Dual-lumen endotracheal intubation was first performed to ensure left lung ventilation during thoracoscopic operations, which was then transferred to dual-lung ventilation during laparoscopy and neck operations. The surgical procedures were divided into three steps: (1) thoracoscopic operations: The patient was place in the left lateral position and asked to lean forward 30°. The surgeon stood in front of the patient. One 3.5–5 cm intercostal incision was then made at the 5th rib of right midaxillary line to enter the chest, and the incision protective sleeve should be placed simultaneously (Beijing Aerospace Kady Technology Development Institute); the thoracoscope was then placed. After that, the possibility of endoscopic tumour resection should be made clear first, followed by thoracic oesophagectomy + paraoesophageal and mediastinal lymph node dissection. Processes: The arch of azygos vein was first freed, ligated, and cut-off. One electric coagulation hook or ultrasonic knife was then used to longitudinally incise the mediastinal pleura, with obvious vessels cut by the ultrasonic knife; continuously, the electric coagulation hook or ultrasonic knife freed the oesophagus upwards and downwards along the oesophageal venter and dissected the paraoesophageal lymph nodes. The upper site should be separated until the thoracic inlet, and the lower site should reach the oesophageal hiatus, which were then removed after cutting; the mediastinal lymph nodes were then dissected [Figure 1]. The thoracic ducts were then selectively ligated, during which period the thoracoscope holder stood by the patient's head for processing the superior and middle thoracic oesophagus. When dealing with the lower thoracic oesophagus, the thoracoscope holder stood by the patient's foot. During sweeping para-left recurrent laryngeal nerve, carina and superior phrenic lymph nodes, the 5th intercostal space of the triangle of auscultation and the 7th intercostal space of the infrascapular line were implanted 2-mm thread-leading device (Hangzhou Kangji Medical Instrument Co., Ltd.), respectively, to drag the silk connecting the oesophageal sling outwards until outside the skin to help stretch the oesophagus [Figure 2] so as to facilitate the exposure; the dissection was then completed. After the chest surgery, intrathoracic drain tubes were conventionally placed at the rear edge of the incision, and the chest incision was then sutured. (2) laparoscopic operations: After turned the patient into the supine position, the neck and abdomen were then paved the disinfection towels, and the patient was then changed to 30° reverse Trendelenburg position; 1-mm incision was then prepared below the belly button, and the veress needle was then placed to establish artificial pneumoperitoneum; one 12-mm in diameter Trocar trocar (Hangzhou Kangji Medical Instrument Co., Ltd.) and the laparoscope were then placed; under direct vision, 4 Trocar trocar (5, 5, 5 and 12 mm, Hangzhou Kangji Medical Instrument Co., Ltd.) were then placed into the midclavicular lines of the inferior border of right and left costal arches and the anterior axillary line, respectively, as the operation holes; the surgeon stood on the left side of the patient at this time checking the conditions of adhesion and metastasis of other organs within the abdominal cavity. The greater gastric curvature was then freed along the lateral side of the vessel arch of greater gastric curvature, followed by separating and ligating the left gastric artery and vein; the ultrasonic knife was then used to clean the left gastric artery and vein, common hepatic artery, left splenic vein, paracardial lymph nodes, and the freeing was kept upwards until the oesophageal hiatus and met with the thoracic free oesophagus. (3) oesophagogastrostomy: One 5-cm incision was first made along the leading edge of the left sternocleidomastoid, which was then freed until the cervical oesophagus along the median side of the carotid artery sheath; another 5-cm incision was made subxiphoidly in the upper abdomen to pull the stomach out to prepare the tubular stomach and lift it to the neck. One circular anastomat was then used to for the anastomosis of gastric bottom and cervical oesophagus. Pre-operative incision localisation, intraoperative incision protective sleeve, post-operative chest, abdomen, and neck suture conditions are shown in [Figure 3].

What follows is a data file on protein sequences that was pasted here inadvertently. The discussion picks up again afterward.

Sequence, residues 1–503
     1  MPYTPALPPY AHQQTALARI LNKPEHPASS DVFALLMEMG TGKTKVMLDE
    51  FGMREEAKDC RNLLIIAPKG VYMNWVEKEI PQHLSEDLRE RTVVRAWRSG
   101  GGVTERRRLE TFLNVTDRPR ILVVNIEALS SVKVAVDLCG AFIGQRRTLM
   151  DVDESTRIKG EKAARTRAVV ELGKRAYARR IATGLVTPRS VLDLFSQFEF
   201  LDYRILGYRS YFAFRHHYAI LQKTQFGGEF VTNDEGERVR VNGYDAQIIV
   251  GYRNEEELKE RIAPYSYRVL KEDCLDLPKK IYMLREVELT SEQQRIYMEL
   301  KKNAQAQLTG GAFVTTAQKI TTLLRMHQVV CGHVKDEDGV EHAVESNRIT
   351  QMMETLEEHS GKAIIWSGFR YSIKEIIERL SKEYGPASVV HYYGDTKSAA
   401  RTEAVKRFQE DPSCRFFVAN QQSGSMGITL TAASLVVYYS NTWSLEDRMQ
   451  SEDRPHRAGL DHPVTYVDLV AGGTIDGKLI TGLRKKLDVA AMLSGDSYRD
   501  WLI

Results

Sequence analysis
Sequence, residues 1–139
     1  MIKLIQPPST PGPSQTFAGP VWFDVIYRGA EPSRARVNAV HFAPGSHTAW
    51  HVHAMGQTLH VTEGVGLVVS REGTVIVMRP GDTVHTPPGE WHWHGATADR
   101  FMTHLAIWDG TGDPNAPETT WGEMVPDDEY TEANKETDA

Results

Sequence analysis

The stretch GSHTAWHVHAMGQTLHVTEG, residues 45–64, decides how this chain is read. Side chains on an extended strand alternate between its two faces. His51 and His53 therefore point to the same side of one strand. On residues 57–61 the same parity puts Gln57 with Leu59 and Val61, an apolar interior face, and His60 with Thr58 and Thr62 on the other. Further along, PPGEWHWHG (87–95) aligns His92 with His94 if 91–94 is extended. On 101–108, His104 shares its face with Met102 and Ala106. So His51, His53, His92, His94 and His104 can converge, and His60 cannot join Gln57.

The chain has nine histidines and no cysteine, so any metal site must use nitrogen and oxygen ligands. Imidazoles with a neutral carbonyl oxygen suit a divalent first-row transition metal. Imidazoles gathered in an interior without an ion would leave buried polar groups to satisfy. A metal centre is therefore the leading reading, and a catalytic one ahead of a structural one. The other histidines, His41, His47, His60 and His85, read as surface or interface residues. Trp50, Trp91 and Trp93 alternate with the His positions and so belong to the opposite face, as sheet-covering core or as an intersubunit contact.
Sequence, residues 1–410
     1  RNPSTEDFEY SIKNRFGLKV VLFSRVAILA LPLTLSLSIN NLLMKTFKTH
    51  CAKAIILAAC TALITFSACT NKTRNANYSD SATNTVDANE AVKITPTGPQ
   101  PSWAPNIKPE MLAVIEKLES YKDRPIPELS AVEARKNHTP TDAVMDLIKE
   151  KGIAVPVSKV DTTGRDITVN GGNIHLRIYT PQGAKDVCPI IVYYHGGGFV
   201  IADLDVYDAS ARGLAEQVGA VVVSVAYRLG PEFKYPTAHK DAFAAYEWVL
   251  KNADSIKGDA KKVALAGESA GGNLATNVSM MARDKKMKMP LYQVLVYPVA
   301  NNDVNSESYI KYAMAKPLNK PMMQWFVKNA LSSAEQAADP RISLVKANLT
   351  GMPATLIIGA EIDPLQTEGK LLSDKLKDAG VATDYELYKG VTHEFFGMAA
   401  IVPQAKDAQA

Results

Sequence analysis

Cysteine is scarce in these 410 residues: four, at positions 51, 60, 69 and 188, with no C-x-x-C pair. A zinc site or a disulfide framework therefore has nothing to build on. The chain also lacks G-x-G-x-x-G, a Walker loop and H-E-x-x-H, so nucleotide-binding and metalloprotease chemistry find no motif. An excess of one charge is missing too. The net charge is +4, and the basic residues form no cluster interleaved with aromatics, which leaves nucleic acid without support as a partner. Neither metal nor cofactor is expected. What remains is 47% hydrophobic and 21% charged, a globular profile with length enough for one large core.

Figure 1: Freeing oesophagus, and sweeping lymph nodes of left and right para-recurrent laryngeal nerve